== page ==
- Associated Press - Friday, August 14, 2015

SACRAMENTO, Calif. (AP) - California’s efforts to ease its famously harsh use of solitary confinement are clashing with a bloody reality after an inmate who spent decades alone in a tiny cell was sent back to the general population and killed by fellow inmates within days.

Hugo “Yogi” Pinell’s repeated assaults on guards landed him in solitary confinement beginning in the early 1970s, making him one of the longest-serving solitary confinement inmates in the nation, said Keramet Reiter, a University of California, Irvine, professor of criminology who studies the issue.

His involvement in a bloody 1971 San Quentin escape attempt that left six dead, including three guards, also helped spur the creation of super-maximum prisons like Pelican Bay State Prison, designed to isolate the most incorrigible and dangerous criminals and gang leaders, Reiter said.

More recently, the 45 years Pinell spent in segregation helped drive the national debate over the isolation of prisoners. The issue recently drew criticism from both President Barack Obama and U.S. Supreme Court Justice Anthony Kennedy.

Pinell’s life behind bars traced the rise of extreme isolation as a prison-management tool from its start to its recent decline, she said.

The 71-year-old’s death Wednesday in an exercise yard comes as California is trying to settle a federal lawsuit filed in 2009 by two killers who, like Pinell, served time in the notorious Pelican Bay security housing unit on California’s North Coast.

“When somebody in those circumstances gets out and they’re killed within two weeks on the yard, that’s just a real blow, symbolically,” said Carol Strickman, a staff attorney for Legal Services for Prisoners with Children who is involved in the settlement talks. Other transfers of prisoners from isolation to the general population have gone relatively smoothly, she said, calling for an independent investigation of Pinell’s death.

Pinell was released from segregation because he had no recent gang-related behavior, corrections department spokeswoman Terry Thornton said in an email.

His last rules violation was in October for refusing an order. It was his first violation since 1978, when he was twice found to have been involved in inmate disturbances.

Asked if Pinell’s death might affect the department’s efforts to lower the number of inmates held in isolation, Thornton said it would depend on the outcome of an investigation.

The inmates’ lawsuit says that isolating prisoners in 80-square-foot, soundproof, windowless cells for all but about 90 minutes each day amounts to cruel and unusual punishment. More than 3,000 inmates are in such units statewide, about half of them in solitary confinement.

No other state has kept so many inmates segregated for so long, according to the Center for Constitutional Rights, which has represented inmates since 2012. By August 2011, 128 inmates had been isolated for more than 20 years and 723 inmates for more than a decade.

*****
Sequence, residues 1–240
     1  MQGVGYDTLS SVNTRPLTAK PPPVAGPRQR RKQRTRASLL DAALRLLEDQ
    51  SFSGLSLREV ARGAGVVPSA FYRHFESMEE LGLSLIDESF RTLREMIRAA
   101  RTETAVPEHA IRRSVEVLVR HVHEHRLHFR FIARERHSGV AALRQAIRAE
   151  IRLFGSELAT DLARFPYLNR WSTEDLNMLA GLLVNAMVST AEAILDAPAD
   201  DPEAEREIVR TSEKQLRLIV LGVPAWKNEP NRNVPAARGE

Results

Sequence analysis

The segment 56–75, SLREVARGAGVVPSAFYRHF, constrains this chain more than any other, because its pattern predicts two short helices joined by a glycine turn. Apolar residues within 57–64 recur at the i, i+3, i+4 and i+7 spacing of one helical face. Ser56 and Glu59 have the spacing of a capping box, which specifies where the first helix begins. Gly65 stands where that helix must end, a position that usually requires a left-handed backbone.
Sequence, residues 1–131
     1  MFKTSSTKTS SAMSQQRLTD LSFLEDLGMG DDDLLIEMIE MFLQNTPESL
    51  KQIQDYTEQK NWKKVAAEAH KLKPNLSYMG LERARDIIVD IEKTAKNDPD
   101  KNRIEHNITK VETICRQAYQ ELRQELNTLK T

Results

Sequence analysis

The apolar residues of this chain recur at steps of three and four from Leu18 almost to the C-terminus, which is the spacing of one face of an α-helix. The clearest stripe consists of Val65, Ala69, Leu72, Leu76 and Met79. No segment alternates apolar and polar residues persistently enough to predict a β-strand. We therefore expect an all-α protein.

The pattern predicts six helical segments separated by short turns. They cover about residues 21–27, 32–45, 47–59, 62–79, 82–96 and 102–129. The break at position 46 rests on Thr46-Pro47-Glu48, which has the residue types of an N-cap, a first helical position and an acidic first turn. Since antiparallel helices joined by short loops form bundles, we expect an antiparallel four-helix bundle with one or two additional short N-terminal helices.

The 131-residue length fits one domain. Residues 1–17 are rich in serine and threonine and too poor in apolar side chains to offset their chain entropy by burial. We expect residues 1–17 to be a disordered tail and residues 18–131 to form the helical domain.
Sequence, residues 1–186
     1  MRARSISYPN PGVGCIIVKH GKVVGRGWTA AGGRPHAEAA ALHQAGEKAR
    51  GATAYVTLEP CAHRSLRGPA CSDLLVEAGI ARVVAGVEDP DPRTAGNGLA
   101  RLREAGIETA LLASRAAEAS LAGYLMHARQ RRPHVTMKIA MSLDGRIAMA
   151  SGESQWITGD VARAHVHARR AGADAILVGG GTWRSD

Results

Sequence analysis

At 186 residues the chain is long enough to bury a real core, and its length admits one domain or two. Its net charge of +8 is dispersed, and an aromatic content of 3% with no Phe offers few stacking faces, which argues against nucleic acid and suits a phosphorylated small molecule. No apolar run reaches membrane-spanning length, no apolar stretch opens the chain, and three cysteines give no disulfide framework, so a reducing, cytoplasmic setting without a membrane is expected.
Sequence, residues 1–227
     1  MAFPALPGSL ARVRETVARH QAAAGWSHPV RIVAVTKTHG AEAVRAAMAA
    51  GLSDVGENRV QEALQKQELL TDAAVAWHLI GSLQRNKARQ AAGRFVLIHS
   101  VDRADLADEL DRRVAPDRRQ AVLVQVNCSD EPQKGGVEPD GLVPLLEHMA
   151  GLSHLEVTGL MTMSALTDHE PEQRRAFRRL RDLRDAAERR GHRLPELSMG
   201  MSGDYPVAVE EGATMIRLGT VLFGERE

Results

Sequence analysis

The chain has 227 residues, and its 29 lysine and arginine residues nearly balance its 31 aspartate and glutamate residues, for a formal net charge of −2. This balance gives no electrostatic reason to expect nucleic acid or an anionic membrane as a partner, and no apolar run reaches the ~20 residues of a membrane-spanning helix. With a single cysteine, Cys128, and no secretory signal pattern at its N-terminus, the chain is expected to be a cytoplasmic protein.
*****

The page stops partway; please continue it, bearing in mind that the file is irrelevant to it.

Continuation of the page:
But the numbers have fallen dramatically over the last four years as the state released nearly 1,000 inmates, including Pinell, back into the general population.

By late July, the number of inmates who had spent more than two decades in segregation units had fallen to 28. The number who had been isolated for more than 10 years had declined to 34. The number of inmates in segregation at Pelican Bay and three other state prisons dipped from 4,153 in January 2012 to 3,066 by late last month.

Prison officials are reviewing every inmate to see who can be transferred out of the segregation units.

Pinell’s attorney, Keith Wattley, said prison officials should have known his client was in danger because he had been threatened and attacked repeatedly over the years, including receiving threats as recently as this year.

In 1979, a white inmate threw an improvised bomb into Pinell’s cell at Folsom State Prison, and in 1984 he was stabbed by a member of a faction of his own purported prison gang, the Black Guerrilla Family. Pinell long denied any gang connection.

He was the kind of inmate who needed to be kept isolated from others, according to Matthew Buechner, a corrections department special investigator who trained other corrections officials in dealing with prison gangs until he retired last fall.

“He’s responsible for a lot of staff murders, and he’s responsible for a lot of race issues,” Buechner said.

The attack at California State Prison, Sacramento, immediately sparked a riot involving about 70 inmates of the roughly 100 inmates who were in the exercise yard. Eleven prisoners were sent to outside hospitals, corrections officials said. Three remained hospitalized Friday.

The most dangerous inmates may need to be isolated, Reiter said, but the number is small and the period could be far shorter than the “extreme and in most cases unreasonable” system that evolved since Pinell was incarcerated.

“I think the state has made huge strides in evaluating the people who have been in solitary confinement for a long time,” Reiter said, adding that the state needs to be more public in how it administers solitary confinement.

Nationally, Obama last month ordered a federal review of the use of solitary confinement. Kennedy took the unusual step this summer of condemning long-term solitary confinement.

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